It’s that time of the year. The holiday season is coming to a close and instead of receiving gifts you’re now receiving credit card bills as a result of your recent generosity. With those increased bills come increased thoughts on your finances. If you’re like most people you’ve probably set a few resolutions for 2017 as well. In addition to the typical resolutions, such as losing 10 lbs this year, or finally becoming organized, many people will include a financial goal or two. These could range from trying to spend less money on eating out to trying to get a better paying job this year. If your goal is to increase your savings then one of the first things you should do is calculate your net worth. This should be right up there with creating a detailed budget.
I cannot stress how crucial it is to track your net worth if you’re looking to accumulate wealth over time. A sprinter wouldn’t set a goal of lowering his time in a race without first knowing what his current race time is. Likewise a person wouldn’t set a goal of losing 10 lbs without stepping on the scale to weigh themselves first right? Well the same should go for tracking your assets and liabilities. The first time you measure your net worth it becomes a starting point. Once you have your starting point it will give you something to refer back to and measure up against.
What is Net Worth?
So what is net worth? It’s a person’s assets minus their liabilities. Net worth is a monetary value that a person could realistically get if they were to sell everything they had and pay off their debts, including cashing in investments and selling real estate. In reality most people won’t calculate the value of every little thing that they own. Instead they’ll focus on the larger items such as their house, car, bank accounts (including retirement accounts), and any investments they have. How you determine the value of non-liquid assets, such as a house or car, isn’t a huge deal as long as you’re applying the same method consistently. House values are often estimated using Zillow.
Every person has a net worth whether they have calculated it or not. From the uber-wealthy celebrities with an ultra-high net worth to the full time student with a negative net worth. Below is an example of how a person’s net worth is calculated.
Sally is a homeowner who has been in the workforce for several years. In addition to her home she has a car, a 401(k) plan through her employer, and personal savings. All of these are considered assets. As for liabilities she has a mortgage, an auto loan, student loans, and also credit card debt. Once all liabilities are subtracted from the assets you can see Sally has a positive net worth of $38,000. Looking at this example it should be clear that any unnecessary debt will decrease her net worth. The silver lining though is that as Sally pays down her debt she will see an increase in her net worth. This is one reason why I think it’s crucial to track your net worth. Often times you question whether you should make paying down debt a priority versus saving. It almost feels as if you’re making a monthly payment and you’ve received nothing from it. You will be much more satisfied if you start tracking your net worth and begin to see positive gains as a result of paying down debt. An additional benefit of tracking your net worth is that it is very motivating to see gains relative to a prior calculation. It will really help you stay focused and forward looking when you don’t think you’re making any progress.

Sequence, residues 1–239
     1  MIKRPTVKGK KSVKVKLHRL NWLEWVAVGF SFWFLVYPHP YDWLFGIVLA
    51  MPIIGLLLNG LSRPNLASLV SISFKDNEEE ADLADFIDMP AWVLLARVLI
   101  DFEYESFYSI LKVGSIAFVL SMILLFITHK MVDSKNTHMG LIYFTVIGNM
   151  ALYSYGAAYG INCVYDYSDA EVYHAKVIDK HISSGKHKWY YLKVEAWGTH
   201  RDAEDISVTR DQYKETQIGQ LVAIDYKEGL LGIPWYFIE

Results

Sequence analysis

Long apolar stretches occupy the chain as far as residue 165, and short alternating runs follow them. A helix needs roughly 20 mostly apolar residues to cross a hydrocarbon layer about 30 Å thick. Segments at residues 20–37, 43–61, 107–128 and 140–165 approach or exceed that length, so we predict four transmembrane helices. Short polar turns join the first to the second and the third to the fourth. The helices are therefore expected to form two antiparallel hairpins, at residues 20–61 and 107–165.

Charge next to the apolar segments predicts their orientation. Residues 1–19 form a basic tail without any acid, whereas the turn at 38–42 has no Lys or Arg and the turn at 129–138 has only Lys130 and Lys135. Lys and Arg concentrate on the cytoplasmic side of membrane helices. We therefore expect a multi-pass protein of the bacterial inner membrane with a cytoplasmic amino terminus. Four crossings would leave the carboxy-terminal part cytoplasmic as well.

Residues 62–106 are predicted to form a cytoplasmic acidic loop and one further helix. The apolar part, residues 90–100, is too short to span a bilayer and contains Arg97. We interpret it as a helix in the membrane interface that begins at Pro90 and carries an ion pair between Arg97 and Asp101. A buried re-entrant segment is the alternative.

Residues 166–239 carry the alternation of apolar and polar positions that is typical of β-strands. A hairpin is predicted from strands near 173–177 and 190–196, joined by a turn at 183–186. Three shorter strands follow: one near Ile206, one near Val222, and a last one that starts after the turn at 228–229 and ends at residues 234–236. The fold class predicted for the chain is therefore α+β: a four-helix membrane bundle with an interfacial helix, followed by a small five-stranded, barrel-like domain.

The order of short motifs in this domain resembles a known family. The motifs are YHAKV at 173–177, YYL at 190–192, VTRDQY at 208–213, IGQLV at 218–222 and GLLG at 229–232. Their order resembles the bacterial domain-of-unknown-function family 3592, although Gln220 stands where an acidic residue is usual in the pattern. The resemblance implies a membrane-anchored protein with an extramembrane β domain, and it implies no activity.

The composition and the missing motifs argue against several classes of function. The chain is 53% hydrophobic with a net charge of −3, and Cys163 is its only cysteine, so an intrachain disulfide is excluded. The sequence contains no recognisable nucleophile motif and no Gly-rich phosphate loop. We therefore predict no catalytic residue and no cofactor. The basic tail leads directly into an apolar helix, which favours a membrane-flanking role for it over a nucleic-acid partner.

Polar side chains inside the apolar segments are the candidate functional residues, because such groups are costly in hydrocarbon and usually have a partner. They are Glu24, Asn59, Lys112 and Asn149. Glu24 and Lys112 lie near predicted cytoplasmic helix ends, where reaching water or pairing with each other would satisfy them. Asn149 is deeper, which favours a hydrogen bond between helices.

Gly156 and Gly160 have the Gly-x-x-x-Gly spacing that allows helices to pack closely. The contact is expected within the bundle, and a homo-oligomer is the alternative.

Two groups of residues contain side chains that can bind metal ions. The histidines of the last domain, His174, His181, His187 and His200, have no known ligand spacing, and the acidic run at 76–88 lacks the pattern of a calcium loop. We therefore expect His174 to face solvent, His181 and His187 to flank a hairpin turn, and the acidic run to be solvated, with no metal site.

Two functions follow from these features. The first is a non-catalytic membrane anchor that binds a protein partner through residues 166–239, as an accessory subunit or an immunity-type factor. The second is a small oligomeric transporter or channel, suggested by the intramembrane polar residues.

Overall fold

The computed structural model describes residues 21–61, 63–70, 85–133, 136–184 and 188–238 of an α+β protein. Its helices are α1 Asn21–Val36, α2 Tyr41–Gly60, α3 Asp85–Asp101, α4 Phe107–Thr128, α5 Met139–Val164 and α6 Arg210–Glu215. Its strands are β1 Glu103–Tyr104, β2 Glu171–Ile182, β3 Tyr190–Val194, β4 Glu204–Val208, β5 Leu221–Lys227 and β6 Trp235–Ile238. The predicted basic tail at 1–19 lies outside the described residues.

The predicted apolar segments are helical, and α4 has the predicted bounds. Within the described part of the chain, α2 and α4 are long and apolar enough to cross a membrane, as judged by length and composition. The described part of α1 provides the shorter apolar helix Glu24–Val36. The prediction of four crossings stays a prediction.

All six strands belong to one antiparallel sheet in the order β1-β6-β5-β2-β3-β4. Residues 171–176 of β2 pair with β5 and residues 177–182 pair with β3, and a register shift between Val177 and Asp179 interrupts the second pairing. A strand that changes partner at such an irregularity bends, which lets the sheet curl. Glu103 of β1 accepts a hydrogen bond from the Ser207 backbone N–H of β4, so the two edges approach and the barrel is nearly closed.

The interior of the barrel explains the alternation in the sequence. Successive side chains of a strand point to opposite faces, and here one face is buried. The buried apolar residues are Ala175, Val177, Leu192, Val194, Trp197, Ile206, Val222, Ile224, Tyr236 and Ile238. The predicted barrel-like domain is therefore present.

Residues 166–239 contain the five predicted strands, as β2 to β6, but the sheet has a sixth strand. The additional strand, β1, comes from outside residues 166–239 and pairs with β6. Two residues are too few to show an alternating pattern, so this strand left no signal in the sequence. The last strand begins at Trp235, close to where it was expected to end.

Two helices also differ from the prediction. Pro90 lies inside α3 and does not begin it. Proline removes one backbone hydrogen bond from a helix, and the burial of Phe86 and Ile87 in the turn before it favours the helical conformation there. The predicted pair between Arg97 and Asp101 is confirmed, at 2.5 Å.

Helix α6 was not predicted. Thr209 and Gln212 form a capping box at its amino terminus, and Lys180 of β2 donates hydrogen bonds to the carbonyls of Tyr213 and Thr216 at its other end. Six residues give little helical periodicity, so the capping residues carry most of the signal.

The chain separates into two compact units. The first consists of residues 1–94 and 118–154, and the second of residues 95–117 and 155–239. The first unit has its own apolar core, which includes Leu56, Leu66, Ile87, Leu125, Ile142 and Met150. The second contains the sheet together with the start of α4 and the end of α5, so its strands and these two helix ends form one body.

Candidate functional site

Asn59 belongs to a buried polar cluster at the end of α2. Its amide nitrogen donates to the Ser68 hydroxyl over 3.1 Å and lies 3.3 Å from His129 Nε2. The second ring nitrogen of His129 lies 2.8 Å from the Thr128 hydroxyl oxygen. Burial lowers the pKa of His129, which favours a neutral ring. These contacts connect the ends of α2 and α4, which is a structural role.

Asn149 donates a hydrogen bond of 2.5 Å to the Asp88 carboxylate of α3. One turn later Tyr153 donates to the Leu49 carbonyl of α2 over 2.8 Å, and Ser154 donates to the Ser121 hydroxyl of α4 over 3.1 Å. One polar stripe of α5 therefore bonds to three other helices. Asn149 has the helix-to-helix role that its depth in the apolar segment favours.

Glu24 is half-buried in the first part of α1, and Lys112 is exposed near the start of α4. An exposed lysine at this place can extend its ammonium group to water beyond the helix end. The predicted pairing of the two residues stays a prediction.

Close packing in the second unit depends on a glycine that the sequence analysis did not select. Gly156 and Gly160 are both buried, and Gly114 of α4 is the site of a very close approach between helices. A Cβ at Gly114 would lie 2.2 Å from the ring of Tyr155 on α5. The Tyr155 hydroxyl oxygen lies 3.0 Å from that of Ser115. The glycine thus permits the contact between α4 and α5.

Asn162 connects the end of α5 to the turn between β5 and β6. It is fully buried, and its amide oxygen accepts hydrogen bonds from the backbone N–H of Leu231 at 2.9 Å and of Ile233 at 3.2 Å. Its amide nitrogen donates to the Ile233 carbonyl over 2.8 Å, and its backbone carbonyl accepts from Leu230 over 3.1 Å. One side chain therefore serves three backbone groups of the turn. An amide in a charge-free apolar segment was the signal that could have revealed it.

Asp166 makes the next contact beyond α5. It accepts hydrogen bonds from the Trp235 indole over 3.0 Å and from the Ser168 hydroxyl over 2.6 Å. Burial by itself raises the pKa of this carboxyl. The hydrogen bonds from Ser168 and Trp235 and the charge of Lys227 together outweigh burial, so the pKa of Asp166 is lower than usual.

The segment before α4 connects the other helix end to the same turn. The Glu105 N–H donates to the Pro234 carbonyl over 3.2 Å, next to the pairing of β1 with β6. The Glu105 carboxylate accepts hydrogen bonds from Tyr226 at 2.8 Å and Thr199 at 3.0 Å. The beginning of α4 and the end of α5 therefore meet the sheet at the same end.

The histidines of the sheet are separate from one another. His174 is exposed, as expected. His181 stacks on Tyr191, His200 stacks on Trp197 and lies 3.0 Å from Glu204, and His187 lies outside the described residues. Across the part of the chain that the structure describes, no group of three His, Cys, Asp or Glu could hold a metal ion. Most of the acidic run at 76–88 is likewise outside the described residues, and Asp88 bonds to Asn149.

Where Your Net Worth Stands
Naturally people are curious about how they compare to others. Below is a graph I created from Federal Reserve data showing the median family net worth for different age groups in 2013. Keep in mind that the median value is the center point (not the average). For example, if there are 101 people in a group then the median age of that group would be the person’s age where 50 people are older than him and 50 people are younger than him. As you can see from the chart below net worth tends to be smaller for younger families and larger for families with an older head of household.
Curious to know what it’d take to get into the top half of all families? Well according to the Federal Reserve when all age groups are included for 2013 it would take a net worth of about $81,200. If you calculated your net worth for the first time and don’t like what you see don’t worry. The main thing is to just figure out a starting point. It’s hard to know where you’re going if you don’t know where you’re at. Because of this I recommend tracking your net worth annually and as often as monthly. Although we don’t mind if you become fixated on your finances, when you start calculating your net worth more than once a month it becomes overkill. You’ll see fluctuations in your net worth by simply receiving a paycheck or paying a bill. Personally I track mine quarterly. This allows for the small swings to get smoothed out over time but it still allows me to see my progress throughout the year.
Today it’s easier than ever to track your net worth. Several apps will even do it for you once you link your accounts to them. Mint is my personal favorite and has recently included a bill pay feature to keep track of what bills are outstanding, and offers to pay them automatically via your accounts. When trying to build your net worth remember that there are many different avenues available and there is no perfect method of doing so. In a future post, however, I’ll describe some of the quickest ways to increase your net worth.
Did you set any financial goals for the year? If so, do you think tracking your net worth could help you achieve them or is this something you’ve already been doing consistently?